6.40pm: That’s gotta hurt
Rob Yong got it all in pre-flop with 9♠9♦, and was pretty happy to be called by Luis Rodriguez with his 8♣8♠. That was until an eight hit on the turn, knocking Yong out and sending a hefty 155,000 pot the Spaniard’s way.
“Sometime you just know it’s coming,” said Yong ruefully as he headed off for a calming walk on the beach.
6.35pm: Sarwer storms into lead
Jeff Sarwer already had a lot of chips, and now he has even more. On a flop of 9♦6♠8♠ he and Andre Santos of Portugal were in the middle of a mighty scrap. Santos checked to Sarwer who made it 8,300 from the button. Santos then re-raised to 21,000 from his position on the big blind which Sarwer called for a K♣ on the turn. Now Santos made it 45,000. Sarwer immediately asked how much Santos had behind and raised to 200,000.
Santos’s stack of 80,000 would be swallowed up if a call went against him. Santos thought, grinned, squirmed, counted his chips and covered his ears with his fists. Sarwer just waited with his head on his hands, elbows perched on the edge of the table, waiting for Santos to respond. He folded. Sarwer now the likely chip leader with more than 500,000.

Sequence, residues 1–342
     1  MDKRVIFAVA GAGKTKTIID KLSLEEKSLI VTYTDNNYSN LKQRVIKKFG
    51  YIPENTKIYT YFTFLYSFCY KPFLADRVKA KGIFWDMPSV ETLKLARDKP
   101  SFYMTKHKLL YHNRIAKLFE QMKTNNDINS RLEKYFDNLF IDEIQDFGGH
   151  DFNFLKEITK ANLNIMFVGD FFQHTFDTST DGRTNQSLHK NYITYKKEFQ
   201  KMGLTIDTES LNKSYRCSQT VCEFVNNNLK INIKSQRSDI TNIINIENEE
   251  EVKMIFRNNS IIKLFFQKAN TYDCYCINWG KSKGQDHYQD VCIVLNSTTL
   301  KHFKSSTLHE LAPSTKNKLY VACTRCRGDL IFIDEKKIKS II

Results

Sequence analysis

This is the final level of the day, and the chip counts of the 81 players entering it are all now proudly displayed on the chip-count page.
6.25pm: Johns doubles
Probably the best way to meet PokerStars qualifiers at EPTs is in the elevators of the hotels in which we stay, where they stay, and where about 90 percent of the EPT fields usually stay. The second best place is at an airport. Matt Johns, originally from California, but now studying in Madrid, by way of Austin, TX, first came to the attention of PokerStars blog at Stansted airport, waiting for a flight to Faro. Since then, we’ve been tracking his progress deep into day two and now have the happy task of reporting that he has just effectively doubled up to around 130,000.
Jorge Carvalho opened from under the gun and Johns raised to 16,000 from one seat to his left. All the other players got out the way and Carvalho took his time over the decision, with the clock eventually called on him. He moved in for his last 40,000-odd and Johns called, almost all in himself. Johns had A♣K♣ and Carvlho 9♣9♥. The flop came A♠Q♥8♥10♣5♦ and Johns won the race.
He’s in this tournament after qualifying via the steps system on PokerStars. It cost him about $26.
6.20pm: Tome’s up for Levi
Tome Moreira opened with a raise from the button and then called Nicolas Levi’s all in push from the big blind with A♣K♦. Levi was up out of his seat as he tabled A♥5♥ knowing he was in bad shape and it got even worse as the board came J♦9♠3♥4♣K♥ to confirm his exit. The look upon Levi’s face told the story better than we could but as we’re not allowed to take pictures inside the casino we had our artist run after him to show you as best we could.
6.10pm: That rhymes
Play is under way in the last level of the day.